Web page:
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Big Boo k of

D ash bo ar d s


Big Boo k of

D ash bo ar d s Visualizing Your Data Using Real-World Business Scenarios

Steve Wexler  |  Jeffrey Shaffer  | Andy Cotgreave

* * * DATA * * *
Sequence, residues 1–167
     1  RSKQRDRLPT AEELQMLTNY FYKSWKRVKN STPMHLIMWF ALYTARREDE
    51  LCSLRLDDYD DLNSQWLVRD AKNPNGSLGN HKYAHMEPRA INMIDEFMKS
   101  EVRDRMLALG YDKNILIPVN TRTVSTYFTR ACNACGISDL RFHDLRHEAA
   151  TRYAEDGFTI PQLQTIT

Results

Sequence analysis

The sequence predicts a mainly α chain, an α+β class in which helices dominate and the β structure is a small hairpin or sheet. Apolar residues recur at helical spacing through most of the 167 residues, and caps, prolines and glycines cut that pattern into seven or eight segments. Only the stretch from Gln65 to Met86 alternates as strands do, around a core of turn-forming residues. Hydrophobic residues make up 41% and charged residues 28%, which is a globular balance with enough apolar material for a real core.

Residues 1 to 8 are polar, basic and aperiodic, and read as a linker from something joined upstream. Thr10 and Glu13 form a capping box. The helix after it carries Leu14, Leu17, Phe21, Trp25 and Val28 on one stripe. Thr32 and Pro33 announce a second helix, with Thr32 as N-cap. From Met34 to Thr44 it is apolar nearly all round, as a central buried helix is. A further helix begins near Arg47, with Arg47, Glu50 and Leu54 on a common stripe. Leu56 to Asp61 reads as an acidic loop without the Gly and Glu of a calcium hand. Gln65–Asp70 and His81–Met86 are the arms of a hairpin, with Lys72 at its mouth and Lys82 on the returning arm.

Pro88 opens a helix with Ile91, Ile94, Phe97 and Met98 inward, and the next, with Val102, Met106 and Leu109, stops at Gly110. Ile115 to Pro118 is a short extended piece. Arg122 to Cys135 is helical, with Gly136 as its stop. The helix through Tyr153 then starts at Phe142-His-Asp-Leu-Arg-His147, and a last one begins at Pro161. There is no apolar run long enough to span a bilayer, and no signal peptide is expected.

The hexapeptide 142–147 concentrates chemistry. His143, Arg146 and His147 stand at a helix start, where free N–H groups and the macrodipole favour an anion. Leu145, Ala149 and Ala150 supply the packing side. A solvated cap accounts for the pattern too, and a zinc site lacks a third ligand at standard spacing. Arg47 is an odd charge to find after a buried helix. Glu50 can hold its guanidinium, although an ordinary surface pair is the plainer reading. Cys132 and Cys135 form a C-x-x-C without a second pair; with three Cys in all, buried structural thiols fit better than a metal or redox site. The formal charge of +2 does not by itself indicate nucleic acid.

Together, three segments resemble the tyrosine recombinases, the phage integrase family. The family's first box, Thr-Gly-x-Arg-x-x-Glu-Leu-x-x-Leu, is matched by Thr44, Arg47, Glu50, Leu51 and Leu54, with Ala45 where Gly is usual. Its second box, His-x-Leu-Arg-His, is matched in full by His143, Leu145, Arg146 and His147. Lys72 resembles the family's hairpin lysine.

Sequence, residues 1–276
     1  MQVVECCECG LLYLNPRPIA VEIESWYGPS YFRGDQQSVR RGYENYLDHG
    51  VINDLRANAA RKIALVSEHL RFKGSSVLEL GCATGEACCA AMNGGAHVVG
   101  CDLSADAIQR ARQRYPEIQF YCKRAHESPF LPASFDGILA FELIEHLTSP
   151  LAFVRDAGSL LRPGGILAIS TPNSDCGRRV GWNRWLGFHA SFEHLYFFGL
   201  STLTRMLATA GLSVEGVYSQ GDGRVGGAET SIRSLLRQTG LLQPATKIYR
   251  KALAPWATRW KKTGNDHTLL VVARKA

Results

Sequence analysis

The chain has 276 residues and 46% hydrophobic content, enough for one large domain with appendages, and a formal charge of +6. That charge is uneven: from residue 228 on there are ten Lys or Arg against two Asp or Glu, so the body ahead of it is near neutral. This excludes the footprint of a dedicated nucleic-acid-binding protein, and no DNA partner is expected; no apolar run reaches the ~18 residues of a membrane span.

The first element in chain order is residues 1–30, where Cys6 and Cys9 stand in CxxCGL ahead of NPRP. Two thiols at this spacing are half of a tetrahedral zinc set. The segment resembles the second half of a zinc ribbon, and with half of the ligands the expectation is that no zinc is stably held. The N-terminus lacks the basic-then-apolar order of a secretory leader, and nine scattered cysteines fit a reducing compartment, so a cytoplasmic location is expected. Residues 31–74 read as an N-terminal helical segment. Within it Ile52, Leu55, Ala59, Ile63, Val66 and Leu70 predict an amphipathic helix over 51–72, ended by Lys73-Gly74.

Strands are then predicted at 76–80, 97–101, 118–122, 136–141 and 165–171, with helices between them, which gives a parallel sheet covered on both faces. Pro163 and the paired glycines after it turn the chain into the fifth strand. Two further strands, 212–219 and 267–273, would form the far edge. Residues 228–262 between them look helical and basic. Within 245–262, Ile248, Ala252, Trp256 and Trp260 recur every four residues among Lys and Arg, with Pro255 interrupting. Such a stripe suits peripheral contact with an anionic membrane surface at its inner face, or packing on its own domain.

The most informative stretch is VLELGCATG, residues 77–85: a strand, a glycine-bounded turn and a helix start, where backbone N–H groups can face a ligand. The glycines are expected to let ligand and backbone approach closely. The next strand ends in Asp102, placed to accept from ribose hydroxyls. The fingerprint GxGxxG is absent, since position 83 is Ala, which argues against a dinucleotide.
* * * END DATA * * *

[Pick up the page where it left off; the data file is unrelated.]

Cover image: Course Metrics Dashboard by Jeffrey Shaffer Cover design: Wiley Copyright © 2017 by Steve Wexler, Jeffrey Shaffer, and Andy Cotgreave. All rights reserved. Published by John Wiley & Sons, Inc., Hoboken, New Jersey. Published simultaneously in Canada. No part of this publication may be reproduced, stored in a retrieval system, or transmitted in any form or by any means, electronic, mechanical, photocopying, recording, scanning, or otherwise, except as permitted under Section 107 or 108 of the 1976 United States Copyright Act, without either the prior written permission of the Publisher, or authorization through payment of the appropriate per-copy fee to the Copyright Clearance Center, Inc., 222 Rosewood Drive, Danvers, MA 01923, (978) 750-8400, fax (978) 646-8600, or on the Web at www.copyright.com. Requests to the Publisher for permission should be addressed to the Permissions Department, John Wiley & Sons, Inc., 111 River Street, Hoboken, NJ 07030, (201) 748-6011, fax (201) 748-6008, or online at http://www.wiley.com/go/permissions. Limit of Liability/Disclaimer of Warranty: While the publisher and author have used their best efforts in preparing this book, they make no representations or warranties with respect to the accuracy or completeness of the contents of this book and specifically disclaim any implied warranties of merchantability or fitness for a particular purpose. No warranty may be created or extended by sales representatives or written sales materials. The advice and strategies contained herein may not be suitable for your situation. You should consult with a professional where appropriate. Neither the publisher nor author shall be liable for any loss of profit or any other commercial damages, including but not limited to special, incidental, consequential, or other damages. For general information on our other products and services or for technical support, please contact our Customer Care Department within the United States at (800) 762-2974, outside the United States at (317) 572-3993 or fax (317) 572-4002. Wiley publishes in a variety of print and electronic formats and by print-on-demand. Some material included with standard print versions of this book may not be included in e-books or in print-on-demand. If this book refers to media such as a CD or DVD that is not included in the version you purchased, you may download this material at http://booksupport.wiley.com. For more information about Wiley products, visit www.wiley.com. Library of Congress Cataloging-in-Publication Data Names: Wexler, Steve, author. | Shaffer, Jeffrey, author. | Cotgreave, Andy, author. Title: The big book of dashboards : visualizing your data using real-world business scenarios / Steve Wexler, Jeffrey Shaffer, Andy Cotgreave. Description: Hoboken : Wiley, 2017. | Includes index. Identifiers: LCCN 2016052146| ISBN 9781119282716 (paperback) | ISBN 9781119282785 (Adobe PDF) | ISBN 9781119282730 (epub) Subjects: LCSH: Dashboards (Management information systems) | Organizational effectiveness—Evaluation. | Management—Evaluation. | BISAC: BUSINESS & ECONOMICS / Business Communication / Meetings & Presentations. Classification: LCC HD30.213 .W43 2017 | DDC 658.4/038011—dc23 LC record available at http://lccn.loc.gov/2016052146 Printed in the United States of America. 10